Service levels should target the level of service that the company really needs and no more. While compelling providers to commit to service quality metrics in excess of what is actually required by the business might create the perception of better performance and higher value, it inevitably leads to higher costs, particularly for labor intensive processes and their associated metrics (e.g., requirement to complete all, as opposed to only the most critical/material GL account reconciliations within three days of the end of the month).

Many companies look to outsourcing as an opportunity to accelerate the achievement of best-in-class performance, but fail to recognize that the transition from current performance levels to benchmark levels often requires some level of process optimization. The existing organization and processes may not be mature enough to achieve such levels right out of the gate.

Companies should determine whether setting targets in excess of required performance creates any business benefit. If not, don’t require the provider to deliver, and moreover, price, to a gold-plated standard. If there is a meaningful benefit to more stringent performance targets, the contract may need to be constructed with provisions that allow the provider to achieve such performance over time, with locked in, planned performance target increases.

Myth No. 4: Hitting the provider with heavy financial penalties is the only real way to get their attention - Financial credits do provide an incentive for providers to meet performance targets, lest they suffer margin erosion or even the possibility of being financially upside-down on a deal. That said, as described above, providers have become quite sophisticated in their ability to manage the fees at risk vs. price dynamic, and while certainly not eager to provide credits, accept that some level of financial loss for failure to meet SLAs is acceptable or even likely.

There are several other methods, however, that are equally, if not more effective, in creating incentive for the providers to perform. One is requiring the provider’s executives to meet in person with the company’s executives when performance failure thresholds are hit -- and contractually commit to meeting each month until the service levels are consistently met.

Another approach is to require the provider to engage and pay for a third party to assess the causes of the failures and to develop a plan that the provider must follow to remediate the problems. Other non-credit bearing remedies/incentives include linking contract renewal and extension options to provider performance, requiring replacement of provider key personnel (at the provider’s cost), and stipulating that the provider perform root cause analysis and produce performance improvement plans to address deficient performance.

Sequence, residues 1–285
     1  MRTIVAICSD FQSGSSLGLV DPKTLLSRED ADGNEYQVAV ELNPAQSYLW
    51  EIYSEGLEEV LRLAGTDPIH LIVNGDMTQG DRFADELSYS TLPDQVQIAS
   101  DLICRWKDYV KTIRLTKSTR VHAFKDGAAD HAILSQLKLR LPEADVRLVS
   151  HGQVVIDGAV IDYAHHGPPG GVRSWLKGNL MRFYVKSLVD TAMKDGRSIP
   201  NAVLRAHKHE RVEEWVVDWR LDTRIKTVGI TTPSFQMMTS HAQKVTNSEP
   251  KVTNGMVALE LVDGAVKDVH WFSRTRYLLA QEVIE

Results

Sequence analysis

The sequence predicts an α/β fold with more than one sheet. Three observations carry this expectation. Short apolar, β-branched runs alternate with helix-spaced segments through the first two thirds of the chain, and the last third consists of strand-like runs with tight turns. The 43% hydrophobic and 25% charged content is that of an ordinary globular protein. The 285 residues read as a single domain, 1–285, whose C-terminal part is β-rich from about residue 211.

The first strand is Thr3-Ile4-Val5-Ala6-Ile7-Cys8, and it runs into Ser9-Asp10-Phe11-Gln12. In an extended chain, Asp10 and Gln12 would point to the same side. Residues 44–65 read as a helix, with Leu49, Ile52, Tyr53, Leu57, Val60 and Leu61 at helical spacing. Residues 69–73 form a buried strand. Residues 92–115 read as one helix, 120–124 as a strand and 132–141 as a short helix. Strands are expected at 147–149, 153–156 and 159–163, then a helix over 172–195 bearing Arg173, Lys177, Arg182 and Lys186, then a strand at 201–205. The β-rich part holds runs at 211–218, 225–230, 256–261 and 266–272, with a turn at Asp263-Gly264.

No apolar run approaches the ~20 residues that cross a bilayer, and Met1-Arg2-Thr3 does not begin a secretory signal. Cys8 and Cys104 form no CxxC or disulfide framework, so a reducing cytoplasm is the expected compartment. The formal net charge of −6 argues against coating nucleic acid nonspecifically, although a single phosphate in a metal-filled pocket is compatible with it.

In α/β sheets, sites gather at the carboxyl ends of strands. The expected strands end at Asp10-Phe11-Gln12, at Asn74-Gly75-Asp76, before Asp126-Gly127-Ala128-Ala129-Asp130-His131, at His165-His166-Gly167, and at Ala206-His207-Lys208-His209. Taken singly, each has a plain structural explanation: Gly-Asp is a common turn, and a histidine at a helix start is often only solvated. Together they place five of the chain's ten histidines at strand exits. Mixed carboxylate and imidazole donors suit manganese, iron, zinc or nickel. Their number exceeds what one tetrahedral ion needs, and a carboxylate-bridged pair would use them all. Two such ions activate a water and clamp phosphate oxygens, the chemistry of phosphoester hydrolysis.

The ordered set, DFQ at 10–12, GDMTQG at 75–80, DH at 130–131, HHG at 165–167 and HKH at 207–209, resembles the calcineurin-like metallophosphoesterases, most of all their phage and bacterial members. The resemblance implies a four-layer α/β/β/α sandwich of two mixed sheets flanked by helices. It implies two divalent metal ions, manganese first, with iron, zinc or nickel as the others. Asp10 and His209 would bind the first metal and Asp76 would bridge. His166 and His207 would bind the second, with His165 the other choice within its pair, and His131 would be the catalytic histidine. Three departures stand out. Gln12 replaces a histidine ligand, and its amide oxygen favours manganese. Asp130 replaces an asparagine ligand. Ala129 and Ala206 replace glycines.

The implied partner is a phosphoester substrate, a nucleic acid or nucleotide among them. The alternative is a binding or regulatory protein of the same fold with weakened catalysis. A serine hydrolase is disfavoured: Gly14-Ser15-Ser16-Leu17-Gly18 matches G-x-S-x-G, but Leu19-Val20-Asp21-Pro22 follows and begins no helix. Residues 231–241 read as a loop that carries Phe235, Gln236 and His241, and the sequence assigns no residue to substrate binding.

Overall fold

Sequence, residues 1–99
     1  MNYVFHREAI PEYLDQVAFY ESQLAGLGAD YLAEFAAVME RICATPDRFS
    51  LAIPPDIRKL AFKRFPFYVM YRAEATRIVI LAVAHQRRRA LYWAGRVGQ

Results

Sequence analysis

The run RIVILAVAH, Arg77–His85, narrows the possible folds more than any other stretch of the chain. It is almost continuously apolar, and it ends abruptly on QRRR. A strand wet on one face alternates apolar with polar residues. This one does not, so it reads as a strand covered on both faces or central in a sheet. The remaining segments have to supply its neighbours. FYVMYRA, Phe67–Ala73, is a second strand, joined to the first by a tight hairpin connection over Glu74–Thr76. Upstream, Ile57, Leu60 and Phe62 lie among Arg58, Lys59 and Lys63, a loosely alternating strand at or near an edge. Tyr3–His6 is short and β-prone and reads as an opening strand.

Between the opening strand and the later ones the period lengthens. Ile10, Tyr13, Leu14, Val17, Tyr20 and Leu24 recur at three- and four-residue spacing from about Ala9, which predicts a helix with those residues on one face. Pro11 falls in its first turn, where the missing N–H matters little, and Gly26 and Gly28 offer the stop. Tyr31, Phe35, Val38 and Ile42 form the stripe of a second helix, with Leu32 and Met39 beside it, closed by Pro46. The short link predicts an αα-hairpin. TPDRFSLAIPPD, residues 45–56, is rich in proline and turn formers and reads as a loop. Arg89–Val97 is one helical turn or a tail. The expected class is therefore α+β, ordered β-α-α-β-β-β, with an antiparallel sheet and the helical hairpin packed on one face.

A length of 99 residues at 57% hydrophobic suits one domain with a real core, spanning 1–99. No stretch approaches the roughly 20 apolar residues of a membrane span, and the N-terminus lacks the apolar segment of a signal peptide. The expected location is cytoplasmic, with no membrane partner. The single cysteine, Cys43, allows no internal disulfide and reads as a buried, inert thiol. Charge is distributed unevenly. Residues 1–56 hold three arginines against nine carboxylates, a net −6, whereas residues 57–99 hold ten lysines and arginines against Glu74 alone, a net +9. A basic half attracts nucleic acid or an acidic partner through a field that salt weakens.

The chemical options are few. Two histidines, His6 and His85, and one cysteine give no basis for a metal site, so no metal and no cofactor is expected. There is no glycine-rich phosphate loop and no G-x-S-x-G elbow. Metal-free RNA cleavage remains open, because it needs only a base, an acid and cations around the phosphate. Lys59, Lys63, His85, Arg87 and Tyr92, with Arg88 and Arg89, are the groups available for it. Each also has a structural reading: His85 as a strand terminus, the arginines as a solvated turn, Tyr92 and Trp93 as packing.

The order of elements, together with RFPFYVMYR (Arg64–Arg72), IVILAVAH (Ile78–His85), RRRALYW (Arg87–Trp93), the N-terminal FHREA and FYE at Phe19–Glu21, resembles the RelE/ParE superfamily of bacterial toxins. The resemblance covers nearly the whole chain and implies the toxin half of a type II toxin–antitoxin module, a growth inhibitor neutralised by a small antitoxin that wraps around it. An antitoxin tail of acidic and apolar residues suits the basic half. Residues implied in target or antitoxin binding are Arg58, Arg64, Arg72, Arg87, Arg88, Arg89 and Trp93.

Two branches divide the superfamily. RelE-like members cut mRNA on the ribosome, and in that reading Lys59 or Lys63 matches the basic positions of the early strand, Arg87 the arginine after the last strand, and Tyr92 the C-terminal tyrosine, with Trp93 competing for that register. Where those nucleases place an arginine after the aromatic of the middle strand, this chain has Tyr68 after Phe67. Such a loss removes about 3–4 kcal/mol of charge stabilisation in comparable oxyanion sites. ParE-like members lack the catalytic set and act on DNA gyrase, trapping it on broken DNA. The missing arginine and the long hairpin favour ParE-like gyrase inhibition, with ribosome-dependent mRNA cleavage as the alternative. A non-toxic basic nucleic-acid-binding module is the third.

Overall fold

Myth No. 5: It is critical to hold providers accountable for the entire end to end process - Ideally, it would seem desirable to hold outsource providers accountable for meeting metrics for a performance goal related to an end to end business process cycle, e.g., days sales outstanding (DSO) within the order-to-cash cycle. However, more often than not, the provider does not have control over the entire business process.

In the case of DSO, the outsource provider may only have responsibility for portions of order-to-cash (e.g., cash applications, credit reviews), and not for example, order generation or invoicing. Excessively broad SLAs also lead to the provider building in broader carve-outs; often times neutralizing the applicability of the performance level altogether.

A good rule of thumb is to hold a provider accountable for the timeliness and accuracy of the dimensions of the process that are within its control. For example, in an accounts payable process, an outsource provider can be held accountable for the accurate data transcription from an invoice to the ERP system or the percentage of invoices entered and either successfully matched or properly routed to the client for resolution within a specified period of time.

While it’s perfectly reasonable to set aggressive performance goals and credit structures for your outsourcing provider, companies should resist the temptation to impose unnecessarily rigid SLAs that drive costs up and result in other unintended consequences without adding commensurate business value.

Companies should invest the time and resources necessary to ensure that the SLA framework and individual SLA metrics are designed to hold the provider accountable and motivate them to perform, rather than inspire them to figure out how to offset the credits through other creative means.

Steve Martin is a partner and David Borowski is a senior associate at Pace Harmon, a third-party outsourcing advisory services firm providing guidance on complex outsourcing and strategic sourcing transactions, process optimization, and supplier program management.